IEEE754 Floating point > Special values and Ranges
As I mentioned in my previous blog, we shall now discuss details regarding range of values for IEEE754 floating point numbers, Denormalized forms, NAN and a simple algorithms for conversion between IEEE754 hexadecimal representations and decimal FloatingPoint Numbers.
Let’s take a look at the special values in IEEE754 floating point representation.
Special values:
Exponent field values of all 0s and all 1s are used to denote special values in this scheme
Zero
Zero is represented with an exponent field of zero and a mantissa field of zero. Depending on the sign bit, it can be a positive zero or a negative zero. Thus, 0 and +0 are distinct values, though they are treated as equal.
Infinity
Infinity is represented with an exponent of all 1s and a mantissa of all 0s. Depending on the sign bit, it can be a positive infinity(+¥) or negative infinity (¥). The infinity is used in case of the saturation on maximum representable number so that the computation could continue.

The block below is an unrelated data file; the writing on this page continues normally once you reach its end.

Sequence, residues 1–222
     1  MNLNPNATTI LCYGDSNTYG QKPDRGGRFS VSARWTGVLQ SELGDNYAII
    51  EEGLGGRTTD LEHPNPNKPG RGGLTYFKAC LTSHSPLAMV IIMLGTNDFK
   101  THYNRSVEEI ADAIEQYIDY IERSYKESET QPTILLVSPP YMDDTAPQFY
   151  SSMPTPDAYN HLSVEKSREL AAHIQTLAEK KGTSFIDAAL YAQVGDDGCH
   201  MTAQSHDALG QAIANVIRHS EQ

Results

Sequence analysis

NaN
The value NaN (Not a Number) is used to represent a value that does not represent a real number. They are used in computations that generate undefined results so that with NaN the operations are defined for it to let the computations continue. NaN's are represented by a bit pattern with an exponent of all 1s and a nonzero mantissa. There are two categories of NaN: QNaN (Quiet NaN) and SNaN (Signalling NaN).
A QNaN is a NaN with the most significant fraction bit set (denotes indeterminate operations).
An SNaN is a NaN with the most significant fraction bit clear (denotes invalid operations).
Denormalized
If the exponent is all 0s, and the mantissa is nonzero, then the value is treated as a denormalizednumber. The denormalized numbers does not have an assumed leading 1 before the binary point. For Single precision, this represents a number (1)^{s} × 0.m × 2^{126}, where s is the sign bit and m is the mantissa. For double precision, it represents as (1)^{s} × 0.m × 2^{1022}.
Thus, following are the values corresponding to a given representation:
(Note that b used in the table is the bias)
Sign(s) 
Exponent (e) 
Mantissa (m) 
Range for Single Precision values in binary